Right now there is no significant weather on the radar since the front passed through this morning. The rest of the weekend looks like a typically post-frontal situation with the possibility of a Puget Sound convergence zone developing in the northern Sound and over Admiralty inlet Saturday evening.So a bit of a breezy westerly in the eastern Straits that may extend down Admiralty Inlet Saturday afternoon. The Straits could see 15-25 while the north Sound could see 15-20. Sunday will be quieter with light air in the south Sound and a nice westerly/northwesterly in the eastern Straits and north Sound. Since it’s the Pacific Northwest there may be some spotty showers around.

Click images to enlarge

 

The charts for the weekend also provide some interesting reading in that the 500MB charts show the upper-level lows above the jet stream and a strong upper-level high below. The chart for next week (3 Oct) also shows the jet stream coming out of the Canadian Interior and back out to us. If this were later in December or early January this would be the kind of pattern that can bring snow to the Pacific Northwest.

Have a great weekend!

 

 

Bruce’s Briefs Sept 23-24, 2017

Bruce’s Briefs Sept 23-24, 2017

Once again nothing too dramatic to report, just another gorgeous Indian Summer weekend. We’ll take it because we all know it can’t last. Since we had some rain earlier as well as snow in the mountains it should be noted that after one of the driest summers on record, we are still over 7” of rain above the average year to date. Plus we don’t have any hurricanes headed our way and no really adverse weather on the horizon for at least the next 10 days. Now if only we could do something about the traffic….

When you look at the surface charts you will quickly see the reason for our great weather, that 1031MB high-pressure system right off our coast and it’s not going anywhere in any great hurry. As you check the upper air (500MB) charts, the jet stream is staying north and keeping the storms well away from us.

Once again it will be a great weekend for powerboaters and not so good for sailors. Generally speaking light air over the entire Pacific Northwest. Maybe some clouds in the morning but those will clear and we can expect highs to be in the mid to upper 60’s. With the clear skies it will be a little coolish at night but all in all, not a bad weekend to be on the water.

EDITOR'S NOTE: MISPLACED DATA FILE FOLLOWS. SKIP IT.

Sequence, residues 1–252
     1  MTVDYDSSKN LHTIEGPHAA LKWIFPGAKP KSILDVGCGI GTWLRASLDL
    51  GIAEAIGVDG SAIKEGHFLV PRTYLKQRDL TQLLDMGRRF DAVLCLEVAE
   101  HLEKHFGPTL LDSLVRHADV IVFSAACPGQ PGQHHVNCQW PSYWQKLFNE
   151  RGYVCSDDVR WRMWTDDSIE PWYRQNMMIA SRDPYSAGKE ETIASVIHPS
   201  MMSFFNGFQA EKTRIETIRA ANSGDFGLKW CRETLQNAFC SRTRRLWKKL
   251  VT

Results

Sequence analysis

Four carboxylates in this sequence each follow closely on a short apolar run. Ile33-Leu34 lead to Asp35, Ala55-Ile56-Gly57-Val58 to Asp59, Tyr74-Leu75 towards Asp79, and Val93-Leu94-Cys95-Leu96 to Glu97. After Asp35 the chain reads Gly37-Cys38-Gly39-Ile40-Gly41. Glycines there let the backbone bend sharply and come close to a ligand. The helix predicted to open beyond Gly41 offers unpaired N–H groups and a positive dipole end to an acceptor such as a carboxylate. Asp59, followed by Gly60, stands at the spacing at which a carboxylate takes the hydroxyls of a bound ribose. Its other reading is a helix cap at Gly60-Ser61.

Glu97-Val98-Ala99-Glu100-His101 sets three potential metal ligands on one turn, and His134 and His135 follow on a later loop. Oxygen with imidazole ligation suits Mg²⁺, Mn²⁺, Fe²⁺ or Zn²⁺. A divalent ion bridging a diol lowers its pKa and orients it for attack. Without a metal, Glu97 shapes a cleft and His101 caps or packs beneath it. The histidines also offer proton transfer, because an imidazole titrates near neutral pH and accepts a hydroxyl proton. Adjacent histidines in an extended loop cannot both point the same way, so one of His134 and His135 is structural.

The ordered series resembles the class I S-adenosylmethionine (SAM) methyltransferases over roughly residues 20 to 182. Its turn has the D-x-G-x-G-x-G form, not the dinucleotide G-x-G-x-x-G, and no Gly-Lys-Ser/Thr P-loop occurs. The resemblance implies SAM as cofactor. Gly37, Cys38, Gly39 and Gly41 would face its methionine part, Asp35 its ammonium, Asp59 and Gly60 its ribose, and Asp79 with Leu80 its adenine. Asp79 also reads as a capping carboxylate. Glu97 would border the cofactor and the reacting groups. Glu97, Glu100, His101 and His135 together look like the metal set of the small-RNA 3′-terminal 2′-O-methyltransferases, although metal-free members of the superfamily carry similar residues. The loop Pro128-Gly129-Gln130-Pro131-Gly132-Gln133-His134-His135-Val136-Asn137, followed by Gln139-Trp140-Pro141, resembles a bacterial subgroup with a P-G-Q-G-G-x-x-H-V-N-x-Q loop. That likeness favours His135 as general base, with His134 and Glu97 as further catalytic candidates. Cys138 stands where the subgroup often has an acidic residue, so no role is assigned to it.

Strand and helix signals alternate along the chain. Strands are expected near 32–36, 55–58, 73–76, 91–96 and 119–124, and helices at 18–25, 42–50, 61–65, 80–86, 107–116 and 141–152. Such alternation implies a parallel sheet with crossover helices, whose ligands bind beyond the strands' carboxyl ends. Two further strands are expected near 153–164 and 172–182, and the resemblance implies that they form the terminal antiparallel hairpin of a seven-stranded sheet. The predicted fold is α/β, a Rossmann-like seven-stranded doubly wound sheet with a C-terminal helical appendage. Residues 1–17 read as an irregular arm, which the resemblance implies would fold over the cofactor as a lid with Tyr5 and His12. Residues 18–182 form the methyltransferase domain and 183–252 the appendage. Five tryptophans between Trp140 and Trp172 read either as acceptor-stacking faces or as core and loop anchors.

Enjoy the weekend!

Bruce’s Brief for September 15-16

Bruce’s Brief for September 15-16

It certainly appears that this will be the last great weekend of the summer so you better get out and enjoy it! And at least we don’t live in Florida or Texas. Plus, don’t forget that we are no where near done with hurricane season. Two active in the Pacific and potentially three in the Atlantic. What will be really interesting will be the beach erosion caused by Jose on the northern part of the Eastern Seaboard especially Long Island, Martha’s Vineyard and Nantucket.

For the Pacific Northwest the question will be if it’s going to rain on the Seahawks home opener on Sunday and if so when. Right now it looks like the pre-frontal wind will start early Sunday morning with the rain starting about noon and continuing until the game ends. Take your foulies.

For boaters there simply won’t be much wind on Saturday so go ahead and power south. That way on Sunday when the breeze fills in from the south-southeast you’ll have a downwind sail back to Seattle.

Also, if you’re a sailor it’s time to think about getting those cruising sails scheduled for maintenance this winter and getting your dock buddies organized to help you get the furling jib down and folded in advance of the first big blow of the winter.

Enjoy the weekend.

 

Bruce’s Weather Brief 8-10 September

At this point, all eyes are on Florida as we watch Irma move inexorably closer, currently projected to make landfall in the Upper Keys. 130 to 150mph winds and a 6’-10’ storm surge are going to absolutely devastate southern Florida. As I said a couple of weeks ago, this is a very interesting time of the year and when you can get three hurricanes (a Cat 5, a Cat 4 and a Cat2) in the Atlantic with the possibility of a fourth forming off of the Cape Verde Islands all at the same time, this can and should get your attention.